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Solution Colors

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Other Observations

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Experimental Desi gn

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Microtrac Nanotrac Results

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DOE Repeatability

PAGE 95

Statistical Analysis of DOE i i j

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TEM Images

PAGE 109

Summary of DOE Results Bimodal PVP MW Reaction Systems and Effects on SNP Properties

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CPSC for SNPs

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TGA of SNPs

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TEM Im ages of SNPs

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Electrical Resistivity of SNPs

PAGE 128

SEM Images of Cured SNPs

PAGE 133

Summary of Bimodal PVP MW SNPs Explanation of Electrical Resistivity of SNPs Cured at Temperatures Below Their Sintering Temperature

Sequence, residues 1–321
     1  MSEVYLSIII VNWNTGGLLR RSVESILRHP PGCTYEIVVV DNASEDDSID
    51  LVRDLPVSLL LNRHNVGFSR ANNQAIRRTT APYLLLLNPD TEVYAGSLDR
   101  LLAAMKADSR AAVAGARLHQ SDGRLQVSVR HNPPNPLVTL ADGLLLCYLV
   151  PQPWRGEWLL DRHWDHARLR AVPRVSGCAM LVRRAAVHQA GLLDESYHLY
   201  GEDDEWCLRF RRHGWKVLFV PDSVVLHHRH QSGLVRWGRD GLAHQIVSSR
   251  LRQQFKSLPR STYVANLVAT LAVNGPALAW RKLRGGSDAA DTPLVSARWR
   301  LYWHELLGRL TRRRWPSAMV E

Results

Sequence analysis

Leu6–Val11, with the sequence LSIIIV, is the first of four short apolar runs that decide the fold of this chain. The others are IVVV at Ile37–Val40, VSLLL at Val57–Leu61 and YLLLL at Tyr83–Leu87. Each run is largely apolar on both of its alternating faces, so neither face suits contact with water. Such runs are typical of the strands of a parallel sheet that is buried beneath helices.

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Current Voltage Analysis of SNP Thin Films

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-1.5E-08 -1.0E-08 -5.0E-09 0.0E+00 5.0E-09 1.0E-08 1.5E-08 -6-4-2 0246 Voltage (V) Current (I)

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-1.5 -1 -0.5 0 0.5 1 1.5 -3 -2 -1 0 1 2 Voltage (V) Current (A) Atomic Force Microscopy of SNPs

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stiffer surfaces are distinguished by a large phase shift with abrupt edges

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Summary of Electrical Resistivity of SNPs Cur ed at Temperatures Below Their Sintering Temperature

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Printing of SNPs

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Conclusions

PAGE 144

Future Work

PAGE 147

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PAGE 150